Investors

Accounting policy

The accounting policies set out below have been applied consistently to all periods presented in the consolidated financial statements, and have been applied consistently by Group entities.


(a) Basis of consolidation

(i)  Business combinations

The Group accounts for business combinations using the acquisition method when control is transferred to the Group.

(ii) Subsidiaries

Subsidiaries are entities controlled by the Group. The Group controls an entity when it is exposed to, or has rights to, variable returns from its involvement with the entity and has the ability to affect those returns through its power over the entity. The financial statements of subsidiaries are included in the consolidated financial statements from the date on which control commences until the date on which control ceases. The Group’s significant subsidiaries are disclosed in Note 31.

(iii) Transactions eliminated on consolidation

Intra-group balances and transactions, and any unrealised income and expenses arising from intra-group transactions, are eliminated. Unrealised gains arising from transactions with equity-accounted investees are eliminated against the investment to the extent of the Group’s interest in the investee. Unrealised losses are eliminated in the same way as unrealised gains, but only to the extent that there is no evidence of impairment.

(b) Foreign currency

Transactions in foreign currencies are translated to the functional currency of Group entities at exchange rates at the dates of the transactions. Monetary assets and liabilities denominated in foreign currencies at the reporting date are retranslated to the functional currency at the exchange rate at that date. The foreign currency gain or loss on monetary items is the difference between amortised cost in the functional currency at the beginning of the period, adjusted for effective interest and payments during the period, and the amortised cost in foreign currency translated at the exchange rate at the end of the reporting period. Non-monetary assets and liabilities denominated in foreign currencies that are measured at fair value are retranslated to the functional currency at the exchange rate at the date that the fair value was determined. Foreign currency differences arising in retranslation are recognised in profit or loss. Non-monetary items that are measured in terms of historical cost in a foreign currency are translated using the exchange rate at the date of the transaction.

(c) Financial instruments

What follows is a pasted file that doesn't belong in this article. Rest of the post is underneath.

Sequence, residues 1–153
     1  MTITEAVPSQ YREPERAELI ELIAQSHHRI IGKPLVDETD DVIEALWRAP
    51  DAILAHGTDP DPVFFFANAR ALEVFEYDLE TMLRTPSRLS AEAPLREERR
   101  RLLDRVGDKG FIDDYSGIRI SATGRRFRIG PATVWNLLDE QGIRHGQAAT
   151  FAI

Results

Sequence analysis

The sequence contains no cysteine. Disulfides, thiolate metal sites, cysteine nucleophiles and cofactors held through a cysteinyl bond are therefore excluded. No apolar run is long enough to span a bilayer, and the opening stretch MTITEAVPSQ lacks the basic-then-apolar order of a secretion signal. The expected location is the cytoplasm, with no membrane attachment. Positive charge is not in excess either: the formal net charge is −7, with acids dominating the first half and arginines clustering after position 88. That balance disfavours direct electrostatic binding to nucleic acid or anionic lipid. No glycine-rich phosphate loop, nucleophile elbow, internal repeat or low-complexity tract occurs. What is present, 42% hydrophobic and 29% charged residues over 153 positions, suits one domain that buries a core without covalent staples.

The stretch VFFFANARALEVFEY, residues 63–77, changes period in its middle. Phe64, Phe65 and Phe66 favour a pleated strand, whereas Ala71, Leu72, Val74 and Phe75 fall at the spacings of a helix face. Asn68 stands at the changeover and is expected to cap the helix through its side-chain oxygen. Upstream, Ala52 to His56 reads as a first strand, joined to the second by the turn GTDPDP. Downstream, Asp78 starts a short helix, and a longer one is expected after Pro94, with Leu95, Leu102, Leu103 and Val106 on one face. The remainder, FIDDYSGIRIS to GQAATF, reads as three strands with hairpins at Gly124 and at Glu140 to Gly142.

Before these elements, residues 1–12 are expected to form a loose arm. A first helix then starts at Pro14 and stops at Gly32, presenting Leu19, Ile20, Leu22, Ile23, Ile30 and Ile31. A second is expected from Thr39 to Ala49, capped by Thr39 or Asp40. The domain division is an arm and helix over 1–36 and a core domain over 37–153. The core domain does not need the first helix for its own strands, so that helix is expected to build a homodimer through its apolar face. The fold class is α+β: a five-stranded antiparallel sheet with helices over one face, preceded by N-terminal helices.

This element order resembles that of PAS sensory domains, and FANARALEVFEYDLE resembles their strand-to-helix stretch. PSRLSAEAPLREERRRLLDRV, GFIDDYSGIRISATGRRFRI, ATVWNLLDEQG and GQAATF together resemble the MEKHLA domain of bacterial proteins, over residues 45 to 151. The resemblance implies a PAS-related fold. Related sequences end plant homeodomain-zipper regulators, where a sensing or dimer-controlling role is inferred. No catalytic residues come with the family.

(i) Financial assets

The Group’s financial assets comprise investments in equity and debt securities, loans given, trade and other receivables, and cash and cash equivalents.

The Group initially recognises loans and receivables and deposits on the date that they are originated.

The Group derecognises a financial asset when the contractual rights to the cash flows from the asset expire, or it transfers the rights to receive the contractual cash flows on the financial asset in a transaction in which substantially all the risks and rewards of ownership of the financial asset are transferred. Any interest in transferred financial assets that is created or retained by the Group is recognised as a separate asset or liability.

Financial assets and liabilities are offset and the net amount presented in the consolidated statement of financial position when, and only when, the Group has a legal right to offset the amounts and intends either to settle on a net basis or to realise the asset and settle the liability simultaneously.

Loans and receivables

Loans and receivables are financial assets with fixed or determinable payments that are not quoted in an active market. Such assets are recognised initially at fair value plus any directly attributable transaction costs. Subsequent to initial recognition loans and receivables are measured at amortised cost using the effective interest method, less any impairment losses. Loans and receivables comprise trade and other receivables.

Cash and cash equivalents

Cash and cash equivalents comprise cash balances and call deposits with original maturities of three months or less. Bank overdrafts that are repayable on demand and form an integral part of the Group’s cash management are included as a component of cash and cash equivalents for the purpose of the consolidated statement of cash flows.

(ii) Financial liabilities

The Group initially recognises debt securities issued and subordinated liabilities on the date that they are originated. All other financial liabilities are recognised initially on the trade date at which the Group becomes a party to the contractual provisions of the instrument.

The Group derecognises a financial liability when its contractual obligations are discharged or cancelled or expire.